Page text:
My Favorite Running Books

I have probably read a couple dozen books on running and these five seem to rise to the top of my list in terms of having a lasting impact on me in terms of motivation and inspiration.  You’ll notice of the five books below, only 1 is considered technical.

Born to Run:  A Hidden Tribe, Superathletes, and the Greatest Race the World Has Never Seen (Christopher McDougall) – I was a runner for about 14 years before reading this book and was kind of moving away from running to other fitness pursuits because I couldn’t put in significant mileage because of injuries that kept cropping up.  This book brought out the reasons for my injuries – I was a heal striker and the running shoe industry were making shoes that encouraged this type of running.  After devouring the book during an international flight across the Pacific, I got jazzed to work and change my running style into more of a mid-foot runner.  It took many months of training and trying minimal shoes, but it totally changed my approach to running and after about a 9 year span of not running marathons, I began running marathons again in late-2009 – and have run 7 marathons since.  The story in the book is also pretty fascinating and really points out that running is really a very simple sport and spiritual pursuit for many of us.  The book is full of eccentric characters, amazing athletic achievements, and provides the secrets of the world’s greatest distance runners – the reclusive Tarahumara Indians of Mexico’s deadly Copper Canyons.

Run Less, Run Faster:  Become a Faster, Stronger Runner with the Revolutionary FIRST Training Program (Bill Pierce, Scott Murr, and Ray Moss) – I’ve followed many training plans and read numerous running books on how to train, but this has been the most influential on how I train today.  The theories in the book have been tested and proven, and as advertised, you can in fact run less and run faster.  I’ve been following the training plans and advice in this book for over a year and have seen my times improve pretty significantly.  The book is one of the most detailed, well-organized, and scientifically based training programs for runners.  It provides training plans for the 5K, 10K, half-marathon and marathon.  Also, if you are looking to qualify for the Boston Marathon, it provides very detailed plans for every age group.  The training program is pretty simple to follow and each week consists of a “3 plus 2” program, with three quality runs (interval repeats, tempo runs, and long run) which are designed together to improve endurance, lactate-threshold running pace, and leg speed.  The other two training sessions include cross training workouts, such as swimming, rowing, or pedaling a stationary bike, which are designed to improve endurance while helping to avoid burnout.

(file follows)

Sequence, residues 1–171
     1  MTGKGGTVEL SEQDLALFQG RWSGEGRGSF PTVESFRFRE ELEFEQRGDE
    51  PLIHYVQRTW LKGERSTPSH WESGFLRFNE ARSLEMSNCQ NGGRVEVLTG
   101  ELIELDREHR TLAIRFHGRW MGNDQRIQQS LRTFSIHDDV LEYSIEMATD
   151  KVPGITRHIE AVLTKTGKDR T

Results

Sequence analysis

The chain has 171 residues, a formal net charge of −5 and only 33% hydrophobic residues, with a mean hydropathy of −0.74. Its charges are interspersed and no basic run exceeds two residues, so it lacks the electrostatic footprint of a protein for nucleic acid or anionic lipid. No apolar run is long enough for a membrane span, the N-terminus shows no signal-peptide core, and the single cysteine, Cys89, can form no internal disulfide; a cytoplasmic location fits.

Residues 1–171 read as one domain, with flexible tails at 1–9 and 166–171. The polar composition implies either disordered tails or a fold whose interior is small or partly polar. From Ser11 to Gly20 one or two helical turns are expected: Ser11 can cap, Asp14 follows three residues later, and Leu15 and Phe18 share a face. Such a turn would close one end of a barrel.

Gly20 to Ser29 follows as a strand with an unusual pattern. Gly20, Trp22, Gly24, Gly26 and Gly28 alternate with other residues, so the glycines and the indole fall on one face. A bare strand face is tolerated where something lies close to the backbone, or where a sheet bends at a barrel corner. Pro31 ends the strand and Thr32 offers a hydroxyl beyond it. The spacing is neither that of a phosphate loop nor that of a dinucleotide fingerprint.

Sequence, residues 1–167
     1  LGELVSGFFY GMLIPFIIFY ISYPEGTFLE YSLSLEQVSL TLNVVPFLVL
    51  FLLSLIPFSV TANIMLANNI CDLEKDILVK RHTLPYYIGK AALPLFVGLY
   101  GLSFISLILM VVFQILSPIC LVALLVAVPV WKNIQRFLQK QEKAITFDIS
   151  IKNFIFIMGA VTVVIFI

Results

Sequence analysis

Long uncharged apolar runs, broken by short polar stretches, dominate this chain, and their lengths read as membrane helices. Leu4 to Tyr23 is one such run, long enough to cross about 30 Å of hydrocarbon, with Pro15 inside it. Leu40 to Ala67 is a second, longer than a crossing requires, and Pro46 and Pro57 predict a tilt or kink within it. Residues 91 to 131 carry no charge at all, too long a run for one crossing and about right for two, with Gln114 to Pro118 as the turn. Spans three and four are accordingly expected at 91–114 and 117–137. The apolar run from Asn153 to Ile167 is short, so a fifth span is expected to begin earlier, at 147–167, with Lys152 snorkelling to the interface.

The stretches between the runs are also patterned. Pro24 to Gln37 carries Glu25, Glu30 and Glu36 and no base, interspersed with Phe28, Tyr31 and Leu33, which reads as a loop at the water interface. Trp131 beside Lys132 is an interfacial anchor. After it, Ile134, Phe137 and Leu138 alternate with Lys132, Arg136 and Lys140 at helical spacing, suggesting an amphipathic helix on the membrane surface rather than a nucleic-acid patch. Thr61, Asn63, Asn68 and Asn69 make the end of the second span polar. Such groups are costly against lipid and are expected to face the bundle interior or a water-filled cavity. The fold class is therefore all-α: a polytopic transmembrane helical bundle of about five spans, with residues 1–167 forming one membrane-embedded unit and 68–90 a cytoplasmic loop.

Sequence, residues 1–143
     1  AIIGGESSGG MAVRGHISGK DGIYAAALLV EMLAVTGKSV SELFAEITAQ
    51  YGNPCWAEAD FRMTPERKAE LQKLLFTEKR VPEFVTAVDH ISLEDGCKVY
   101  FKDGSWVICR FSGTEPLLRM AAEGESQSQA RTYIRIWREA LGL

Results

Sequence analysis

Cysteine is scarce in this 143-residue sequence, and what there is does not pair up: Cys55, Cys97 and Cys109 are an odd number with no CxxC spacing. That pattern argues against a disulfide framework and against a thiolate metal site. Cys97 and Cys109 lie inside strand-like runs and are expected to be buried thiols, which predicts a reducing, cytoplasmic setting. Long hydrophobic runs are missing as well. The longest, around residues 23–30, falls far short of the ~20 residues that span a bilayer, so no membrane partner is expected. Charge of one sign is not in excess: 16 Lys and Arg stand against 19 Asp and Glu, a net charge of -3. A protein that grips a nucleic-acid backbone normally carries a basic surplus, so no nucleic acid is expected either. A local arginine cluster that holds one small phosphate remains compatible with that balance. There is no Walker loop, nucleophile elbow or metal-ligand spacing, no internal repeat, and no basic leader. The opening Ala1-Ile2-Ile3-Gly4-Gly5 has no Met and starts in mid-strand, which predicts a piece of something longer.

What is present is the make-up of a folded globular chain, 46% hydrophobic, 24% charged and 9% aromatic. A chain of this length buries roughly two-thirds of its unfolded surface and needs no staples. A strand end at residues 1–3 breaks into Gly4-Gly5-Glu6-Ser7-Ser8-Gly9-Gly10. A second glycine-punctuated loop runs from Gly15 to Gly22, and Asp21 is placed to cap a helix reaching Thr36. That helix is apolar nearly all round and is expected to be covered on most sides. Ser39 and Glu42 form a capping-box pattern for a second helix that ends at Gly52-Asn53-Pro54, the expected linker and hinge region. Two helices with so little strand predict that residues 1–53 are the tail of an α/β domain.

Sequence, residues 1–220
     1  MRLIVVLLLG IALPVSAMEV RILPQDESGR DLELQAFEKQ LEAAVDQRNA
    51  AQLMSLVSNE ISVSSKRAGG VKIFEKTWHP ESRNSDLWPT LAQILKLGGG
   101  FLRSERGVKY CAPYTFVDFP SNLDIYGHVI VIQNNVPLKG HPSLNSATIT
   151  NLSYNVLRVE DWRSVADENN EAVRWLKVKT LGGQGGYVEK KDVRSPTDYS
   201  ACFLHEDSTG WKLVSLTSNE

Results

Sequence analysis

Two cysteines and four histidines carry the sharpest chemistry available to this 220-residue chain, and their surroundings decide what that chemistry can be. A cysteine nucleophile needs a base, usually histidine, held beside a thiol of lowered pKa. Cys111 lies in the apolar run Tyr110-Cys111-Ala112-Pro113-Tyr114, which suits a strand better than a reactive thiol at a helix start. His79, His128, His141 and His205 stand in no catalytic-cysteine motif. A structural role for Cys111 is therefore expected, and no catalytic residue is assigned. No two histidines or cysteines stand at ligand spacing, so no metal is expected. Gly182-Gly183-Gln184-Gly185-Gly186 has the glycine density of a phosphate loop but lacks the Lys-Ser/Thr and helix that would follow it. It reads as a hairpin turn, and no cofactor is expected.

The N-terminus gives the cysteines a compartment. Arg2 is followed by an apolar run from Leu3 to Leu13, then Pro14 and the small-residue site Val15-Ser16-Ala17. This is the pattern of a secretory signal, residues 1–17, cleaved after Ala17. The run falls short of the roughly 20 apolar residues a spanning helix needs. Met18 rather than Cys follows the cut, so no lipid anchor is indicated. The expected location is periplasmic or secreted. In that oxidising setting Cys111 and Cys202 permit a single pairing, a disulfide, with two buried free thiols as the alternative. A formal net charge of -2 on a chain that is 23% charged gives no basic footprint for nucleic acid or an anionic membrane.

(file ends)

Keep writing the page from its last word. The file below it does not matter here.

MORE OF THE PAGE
What I Talk About When I Talk About Running (Haruki Murakami) – Haruki Murakami is my favorite fiction writer of all time, but this book is a non-fiction account of his thoughts on the long-distance running he has engaged in for much of his adult life.  It is highly personal on some levels and speaks to why us average runners continue to grind it out day after day, knowing that we’ll never reach anywhere close to world class running standards.  Although Murakami offers little insight into much of his life as a writer, he does provide how running has positively impacted his long and successful career.  I think it is a book that talks to many of us mid-packers who are questioned by non-runners as to why we do what we do.

The Runner’s Guide to the Meaning of Life:  What 35 Years of Running Have Taught Me About Winning, Losing, Happiness, Humility, and the Human Heart (Amby Burfoot) – Amby Burfoot is an American marathoner, whose peak competitive years came in the late 1960s and early 1970s.  He was the winner of the 1968 Boston Marathon.  After retiring from competition, he became a running journalist and author.  Burfoot was the top editor at Runners World for many years and is still associated with the magazine.  presents 15 essential life lessons about passion, courage, materialism, failure, regeneration, and more, all learned from experience during more than 35 years of running.  In this book, Amby discusses the essential traits of a runner – traits that also are essential for all people wishing to reach their long-term goals.  He discusses the writings, music, and quotes that have inspired him throughout his long career.  Most important, he explains that winners are not those who cross the finish line first, but rather those who are able to discover more about themselves with every step.  This was an inspiring read full of metaphors and outlines many of the peripheral benefits of what running can contribute to your life as we grow older.  The book is a small and easy read.

Ultramarathon Man:  Confessions of and All-Night Runner (Dean Karnazes) – Dean has become a household name having accomplished some incredible running feats where he pushes his body to the extreme.  He’s been criticized for excessive self-promotion, but his first book is pretty inspiring outlining the courage he had to one day just make a immediate shift in his life and pursue his dream of making a living by running.  After 15 years of not running since quitting his high school team, he resumed running on his 30th birthday with an impromptu all-night, 30-mile trek in his underwear and old lawn-mowing shoes.  From there, he discusses his various unimaginable running exploits in a very entertaining book.

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One Response to My Favorite Running Books

  1. Pingback: Top 10 Things that Helped Me Finally Qualify for the Boston Marathon | Running Inspired Blog

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